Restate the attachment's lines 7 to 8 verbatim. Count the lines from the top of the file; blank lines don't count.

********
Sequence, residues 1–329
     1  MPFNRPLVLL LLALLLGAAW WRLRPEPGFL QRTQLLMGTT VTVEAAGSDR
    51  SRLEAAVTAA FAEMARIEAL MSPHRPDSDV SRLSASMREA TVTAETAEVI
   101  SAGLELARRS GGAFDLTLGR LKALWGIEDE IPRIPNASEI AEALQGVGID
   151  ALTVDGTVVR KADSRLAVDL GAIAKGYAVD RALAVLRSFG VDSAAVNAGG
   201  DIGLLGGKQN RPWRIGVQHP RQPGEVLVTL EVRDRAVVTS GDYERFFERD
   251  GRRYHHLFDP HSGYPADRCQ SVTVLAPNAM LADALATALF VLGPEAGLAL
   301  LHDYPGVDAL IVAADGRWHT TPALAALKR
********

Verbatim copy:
   251  GRRYHHLFDP HSGYPADRCQ SVTVLAPNAM LADALATALF VLGPEAGLAL
   301  LHDYPGVDAL IVAADGRWHT TPALAALKR